Posted: 2 weeks ago.
Author: Andy Robertson.
As the game progresses you explore eight levels, each inspired by a different genre of music, in which you transform musical instruments into weapons and battle giant bosses. With each battle won you can upgrade and improve your skills.
Battles rely on your sense of rhythm, dodging obstacles, and striking back at your opponents to the beat of the music, resulting in fast and engaging gameplay. This is also accompanied by the beautiful game design and striking art style alongside a dynamic soundtrack, featuring many styles of music.
ESRB EVERYONE 10+ for alcohol reference, fantasy violence, language. Players use each character's musical instruments (e.g. drums, guitar) as melee weapons and musical notes as ammo to defeat robots and boss characters. Battles are sometimes frenetic, with screen-shaking effects, explosions, and a hit-combo counter to tally damage. The dialogue contains a reference to alcohol (e.g., "Shall I go get the champagne?"), as well as the word “p*ssed.”
How you can adjust the challenge of play, and assistance the game offers when you fail or get stuck.
Select Difficulty: Select difficulty from a range of presets.
Adjustable Between Levels: You can adjust the difficulty between levels/rounds.
Tutorials: There are helpful tutorials, instructions and tips.
How much reading or listening comprehension is required, and how accessible this is.
Moderate Reading: Moderate reading required.
High Text Contrast: Text colour contrasts to background.
Any spoken content has subtitles: All spoken content has subtitles, or there is no speech in the game.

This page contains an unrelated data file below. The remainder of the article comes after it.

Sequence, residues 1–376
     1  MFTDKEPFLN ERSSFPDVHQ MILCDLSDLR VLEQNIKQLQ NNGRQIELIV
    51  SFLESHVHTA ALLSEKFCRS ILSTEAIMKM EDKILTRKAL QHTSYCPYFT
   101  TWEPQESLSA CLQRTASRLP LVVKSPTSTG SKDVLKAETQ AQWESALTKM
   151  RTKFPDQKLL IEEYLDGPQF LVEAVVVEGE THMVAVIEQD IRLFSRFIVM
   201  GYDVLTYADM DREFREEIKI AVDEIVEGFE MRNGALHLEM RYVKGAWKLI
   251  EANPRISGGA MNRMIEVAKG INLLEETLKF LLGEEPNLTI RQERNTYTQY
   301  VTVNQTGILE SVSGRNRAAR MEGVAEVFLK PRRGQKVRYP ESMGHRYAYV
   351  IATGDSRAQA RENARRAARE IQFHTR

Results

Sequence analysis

All Dialogue is Voiced: All of the game dialogue and narrative can be voiced.
How you control the game, different options for alternative inputs and whether you can remap these settings to suit your needs.
Multiple Buttons & Single Stick: Can play with multiple buttons and a stick.
Keyboard Alone: Can play with just the keyboard.
You can customise the controls for the game as follows:
Remap Buttons: Re-map all buttons/keys.
Invert X/Y Axis: You can invert the direction required to control looking and aiming.
How you can adjust the visuals to suit your needs, and offer additional information if you can't hear the game.
Motion sickness friendly: Option to reduce motion sickness (motion blur, depth of field, field of vision).
How you can adjust the audio of the game and whether audio cues compensate for aspects of the game that are hard to see.
Customise Audio Levels: Control volume levels of specific events and elements in the game.
Visual Cues for Audio Events: Text or other visual indicators of audio events.
Nintendo Switch has some built-in features, including a lockable zoom, that can be used on all games. PlayStation 4 has a range of accessibility settings. Some are system only, some work in games (invert colours and button mapping). Xbox One has a system features, the excellent co-pilot share controls mode and adaptive controller support for all games... read more about system accessibility settings.
Supported by PlayabilityInitiative
The following games are like No Straight Roads. They address a similar topic or offer a similar way to play. They are good options to play next and also good alternatives to No Straight Roads for younger age ratings.
No Straight Roads is in These Lists
In addition to the similar games listed above, which have been linked to this game specifically in the database, you may find games with a similar theme to No Straight Roads in the following lists:
These are games that almost feel like you are playing a music album. They invite you to spend time in a meditative musical state that leaves you with their songs and rhythms in your head for the rest of the day - Pata Pata Pata Pon.
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